Polk County Public Schools’ Library Media Services acknowledges the importance of maintaining access to current resources, building research skills, and developing digital literacy. PCPS provides a variety of resources for students, teachers, and families.
Your school library provides you with:
- Print Books
- Online Research Resources
- Polk PLUS access to all Polk County Public library services and materials.
Go see everything we have to offer and explore your library catalog on Destiny Discover. Just click on the Online Resources link below:
Florida Book Awards - Recommended Reading
Grades K - 2
Grades 3 - 8
Grades 9 - 12
Information for Authors
Certified educational media specialists are responsible for curating school library collections according to district and state guidelines. All titles in the collection must meet the needs of the school community. They must also meet district policies for academic and age-appropriateness and be available through district-approved vendors. These vendors provide library processing and computer records necessary to include books in the collections.
Procedures For Collection Development Of Library Materials
The primary objective of each school’s library program is to enrich, extend, and support the instructional program of the school.
The school library program makes available a wide range of materials on varying levels of difficulty attending to diverse needs, interests, and viewpoints of students and teachers.
Pursuant to Florida Statute 1006.40, any materials purchased with Library Materials Media funds must be:
- Free of pornography and material prohibited under s.847.012.
- Suited to student needs and his/her ability to comprehend the material presented.
- Appropriate for the grade level and age group for which the materials are used or made available.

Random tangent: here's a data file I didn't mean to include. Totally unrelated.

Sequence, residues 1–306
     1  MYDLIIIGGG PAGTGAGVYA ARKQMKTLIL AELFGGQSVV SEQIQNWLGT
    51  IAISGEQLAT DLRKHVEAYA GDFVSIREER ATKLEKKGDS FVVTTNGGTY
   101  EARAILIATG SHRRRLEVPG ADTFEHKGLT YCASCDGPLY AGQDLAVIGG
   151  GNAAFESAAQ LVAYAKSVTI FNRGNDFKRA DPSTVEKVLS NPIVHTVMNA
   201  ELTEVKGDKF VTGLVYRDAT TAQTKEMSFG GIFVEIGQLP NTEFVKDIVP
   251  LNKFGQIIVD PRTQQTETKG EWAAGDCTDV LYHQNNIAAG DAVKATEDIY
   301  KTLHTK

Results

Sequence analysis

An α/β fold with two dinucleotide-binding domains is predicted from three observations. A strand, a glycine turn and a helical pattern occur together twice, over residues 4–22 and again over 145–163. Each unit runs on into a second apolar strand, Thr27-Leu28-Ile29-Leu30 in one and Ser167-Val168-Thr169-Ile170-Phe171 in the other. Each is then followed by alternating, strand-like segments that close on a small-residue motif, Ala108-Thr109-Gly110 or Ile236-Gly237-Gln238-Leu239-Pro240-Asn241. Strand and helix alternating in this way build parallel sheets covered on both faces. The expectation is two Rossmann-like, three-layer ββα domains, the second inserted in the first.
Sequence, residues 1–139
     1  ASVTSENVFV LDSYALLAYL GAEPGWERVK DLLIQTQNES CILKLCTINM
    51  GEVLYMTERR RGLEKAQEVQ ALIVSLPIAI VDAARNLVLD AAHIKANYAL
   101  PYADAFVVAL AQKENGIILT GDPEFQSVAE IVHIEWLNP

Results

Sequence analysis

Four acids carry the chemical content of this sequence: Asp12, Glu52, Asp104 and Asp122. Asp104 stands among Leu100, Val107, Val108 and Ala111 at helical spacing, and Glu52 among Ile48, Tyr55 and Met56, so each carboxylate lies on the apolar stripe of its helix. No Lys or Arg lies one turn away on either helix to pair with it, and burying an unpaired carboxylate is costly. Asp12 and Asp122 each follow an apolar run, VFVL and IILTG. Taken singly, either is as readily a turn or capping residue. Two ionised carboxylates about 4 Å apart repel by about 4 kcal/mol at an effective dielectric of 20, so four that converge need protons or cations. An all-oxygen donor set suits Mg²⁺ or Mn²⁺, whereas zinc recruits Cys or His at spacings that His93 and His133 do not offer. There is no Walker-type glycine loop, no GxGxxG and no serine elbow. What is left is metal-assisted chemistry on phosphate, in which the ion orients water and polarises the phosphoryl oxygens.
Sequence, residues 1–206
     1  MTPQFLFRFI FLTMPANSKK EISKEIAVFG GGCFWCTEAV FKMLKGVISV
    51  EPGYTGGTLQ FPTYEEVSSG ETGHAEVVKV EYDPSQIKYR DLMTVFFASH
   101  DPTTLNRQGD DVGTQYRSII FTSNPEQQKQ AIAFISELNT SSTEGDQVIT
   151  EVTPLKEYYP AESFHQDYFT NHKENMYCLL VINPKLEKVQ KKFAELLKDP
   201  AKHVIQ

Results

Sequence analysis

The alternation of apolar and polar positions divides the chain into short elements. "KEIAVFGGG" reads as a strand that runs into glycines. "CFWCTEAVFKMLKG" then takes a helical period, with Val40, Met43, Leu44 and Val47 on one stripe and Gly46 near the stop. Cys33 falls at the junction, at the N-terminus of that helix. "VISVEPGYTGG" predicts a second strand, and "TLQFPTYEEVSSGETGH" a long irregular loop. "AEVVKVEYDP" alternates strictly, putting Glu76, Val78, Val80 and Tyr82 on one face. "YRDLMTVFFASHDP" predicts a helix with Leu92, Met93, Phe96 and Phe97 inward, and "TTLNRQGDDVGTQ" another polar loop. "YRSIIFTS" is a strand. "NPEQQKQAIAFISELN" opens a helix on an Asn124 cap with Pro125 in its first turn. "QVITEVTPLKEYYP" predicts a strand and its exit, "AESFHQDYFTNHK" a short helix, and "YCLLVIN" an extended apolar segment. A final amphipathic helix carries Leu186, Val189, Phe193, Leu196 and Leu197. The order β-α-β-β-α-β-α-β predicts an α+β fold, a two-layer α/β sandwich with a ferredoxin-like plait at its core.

- Purpose – relationship with instructional objectives and/or the curriculum
- Reliability – accurate, authentic
- Quality – writing and/or production of merit
- Treatment – clear, comprehensible, skillful, convincing, well-organized
- Technical production – is in appealing and well-crafted format
- Construction – durable, manageable, functional, safe
- Special features – useful illustrations, photographs, maps, graphics, charts, graphs, documentation
- Possible uses- individual, small, and/or large group instruction, in-depth study
- Religion – factual materials that represent all major religions
- Ideologies – philosophy that exert a strong force in society
- Sex – pornographic, sensational, or titillating material is not included, but the evidence of sexual incidents appearing in the media does not automatically disqualify its use (Reference Florida State Statute 847.012)
- Profanity – use of profanity does not automatically disqualify a selection; effort is made to exclude media using profanity in a lewd or detrimental manner
- Science- factual information about medical and scientific knowledge
- Health, Substance Abuse, and Violence Prevention Curriculum Materials MUST be approved by Mark Wilcox.
State mandated training is provided to all media staff annually. Tasks are based on media staffing at each school.
Prior to the end of the first month of school complete a Collection Development Plan that includes:
- School Demographics
- Collection Analysis
- School Media Committee Form (school administration, teachers, students, and parents)
- Recommendations & Action Plan
When funds are available, refer to the most recent Collection Development Plan for ordering needs. Ordering must adhere to the following guidelines:
- Books must be age-appropriate for the intended audience (utilizing Renaissance rating system):
- Elementary – Up to MG, exceptions may be made for titles on B.E.S.T. list
- Middle – Up to MG+ for fiction, exceptions may be made for titles on B.E.S.T. list
- High School – Up to UG/YA for fiction with extensive reviews and searching tags for sensitive topics, exceptions made for titles on B.E.S.T. list
- Books must be purchased from an approved vendor, with shelf-ready processing.
- Multiple professional, full text, reviews must be read by the media specialist prior to purchasing (School Library Journal, Kirkus, YALSA, etc…). Reviews are available using Destiny Titlewave.
- The School Media Committee will convene to review the titles selected BEFORE submitting them to the Principal/Senior Coordinator.
- Principals must verify the title list prior to the requisition being created, following district library material ordering procedures.
Library Media Services will provide a Collection Development Plan that includes:
- School Demographics
- Collection Analysis
- Recommendations & Action Plan
Prior to the end of the first month of school the Media Paraprofessional II will complete the School Media Committee Form. Throughout the school year, Media Paraprofessional II will be responsible for maintaining a list of requested books from students and staff.